French minister warns of unrest after elections

French Interior Minister Gerald Darmanin has warned of potential unrest in France following the upcoming parliamentary elections.

"On the evening of the first round and no doubt on the evening of the second round when the final results are announced, the ultra-left and ultra-right can take advantage of this to sow a form of chaos," the minister told broadcaster France Info.

He responded to questions posed by the broadcaster based on a 10-page memo it obtained that his ministry distributed to police prefects.

In the document, Darmanin highlighted a "context shaped by several security risks" and the concern over "targeted destabilisation actions".

Jordan Bardella
A National Rally election win could make Jordan Bardella the new French prime minister. (AP PHOTO)

France's parliamentary elections are being held in two rounds on Sunday and on July 7.

French President Emmanuel Macron called snap National Assembly elections earlier this month in response to the defeat of his centrist forces in the European elections and a resounding victory for the populist conservative National Rally.

In the France Info interview, Darmanin also warned of "extremely serious unrest" after the political summer break from September onwards, should the far right or far left come to power.

If one of the two camps begins to implement its economic plans, France could face pressures on the financial markets, he said.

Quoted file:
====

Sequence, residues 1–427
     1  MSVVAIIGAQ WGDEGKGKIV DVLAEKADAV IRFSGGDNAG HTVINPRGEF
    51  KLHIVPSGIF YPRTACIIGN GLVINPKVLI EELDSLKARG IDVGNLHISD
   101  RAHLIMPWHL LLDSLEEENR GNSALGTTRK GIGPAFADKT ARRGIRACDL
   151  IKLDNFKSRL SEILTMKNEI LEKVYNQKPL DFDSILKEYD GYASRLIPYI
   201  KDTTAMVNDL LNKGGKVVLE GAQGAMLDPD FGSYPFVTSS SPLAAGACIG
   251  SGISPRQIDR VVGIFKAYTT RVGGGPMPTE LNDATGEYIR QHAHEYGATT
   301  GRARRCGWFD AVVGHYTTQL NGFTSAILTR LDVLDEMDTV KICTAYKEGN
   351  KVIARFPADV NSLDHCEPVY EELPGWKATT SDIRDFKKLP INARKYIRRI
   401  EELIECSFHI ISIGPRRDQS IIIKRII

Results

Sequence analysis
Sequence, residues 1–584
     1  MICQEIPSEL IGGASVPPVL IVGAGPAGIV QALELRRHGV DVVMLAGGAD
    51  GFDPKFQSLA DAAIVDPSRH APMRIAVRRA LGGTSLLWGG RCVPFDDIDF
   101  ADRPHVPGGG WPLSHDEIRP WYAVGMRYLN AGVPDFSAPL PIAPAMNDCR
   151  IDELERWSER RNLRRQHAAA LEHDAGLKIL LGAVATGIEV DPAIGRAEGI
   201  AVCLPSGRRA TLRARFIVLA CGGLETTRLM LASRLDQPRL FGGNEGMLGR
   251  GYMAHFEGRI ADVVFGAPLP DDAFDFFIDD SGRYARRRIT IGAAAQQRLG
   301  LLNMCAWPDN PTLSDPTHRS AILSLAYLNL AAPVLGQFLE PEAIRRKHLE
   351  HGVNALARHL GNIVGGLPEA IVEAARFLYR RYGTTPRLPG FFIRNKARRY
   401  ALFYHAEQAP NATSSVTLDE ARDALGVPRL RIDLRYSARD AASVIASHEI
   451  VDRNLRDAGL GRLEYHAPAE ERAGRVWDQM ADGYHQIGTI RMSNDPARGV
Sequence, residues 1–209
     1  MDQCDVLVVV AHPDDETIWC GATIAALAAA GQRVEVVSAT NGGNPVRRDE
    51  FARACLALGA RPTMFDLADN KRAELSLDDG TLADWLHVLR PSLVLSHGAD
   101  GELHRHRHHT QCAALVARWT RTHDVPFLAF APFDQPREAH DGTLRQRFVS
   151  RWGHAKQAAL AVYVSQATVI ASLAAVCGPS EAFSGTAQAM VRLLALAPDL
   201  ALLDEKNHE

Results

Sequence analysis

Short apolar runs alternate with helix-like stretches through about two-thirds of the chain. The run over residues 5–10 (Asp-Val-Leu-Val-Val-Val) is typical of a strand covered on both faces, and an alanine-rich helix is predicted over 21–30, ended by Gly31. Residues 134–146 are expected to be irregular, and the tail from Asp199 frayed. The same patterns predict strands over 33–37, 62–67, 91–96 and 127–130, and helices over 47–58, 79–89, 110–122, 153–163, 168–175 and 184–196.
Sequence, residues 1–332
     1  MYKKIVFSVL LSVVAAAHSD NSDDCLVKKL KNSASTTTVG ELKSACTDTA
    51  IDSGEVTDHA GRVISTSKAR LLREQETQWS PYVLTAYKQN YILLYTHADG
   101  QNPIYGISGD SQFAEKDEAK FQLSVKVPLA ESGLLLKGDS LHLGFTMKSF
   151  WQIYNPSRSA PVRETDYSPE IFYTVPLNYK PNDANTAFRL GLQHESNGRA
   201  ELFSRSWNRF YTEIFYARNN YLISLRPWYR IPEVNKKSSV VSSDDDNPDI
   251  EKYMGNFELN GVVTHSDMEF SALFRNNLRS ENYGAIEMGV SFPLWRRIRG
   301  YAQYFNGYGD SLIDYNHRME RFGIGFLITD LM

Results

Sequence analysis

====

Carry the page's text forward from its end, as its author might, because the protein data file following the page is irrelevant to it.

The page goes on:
The autumn is traditionally a period when unions in France organise rallies to voice social demands or protest government plans, adding another layer of potential tension.

Polls indicate that the anti-immigration National Rally could greatly increase its number of MPs in the National Assembly.

A National Rally victory risks saddling the president with Jordan Bardella as prime minister.

Bardella, a 28-year-old protege of National Rally leader Marine Le Pen and with no governing experience, says he would use the powers of prime minister to stop Macron from continuing to supply long-range weapons to Ukraine for the war with Russia.

He cites fears that their ability to strike targets in Russia could suck nuclear-armed France into direct confrontation with the nuclear-armed government in Russia.

But France's two-round system of voting - the initial balloting on Sunday will thin the field for decisive follow-up voting on July 7 - means the election's ultimate outcome is very uncertain.

with AP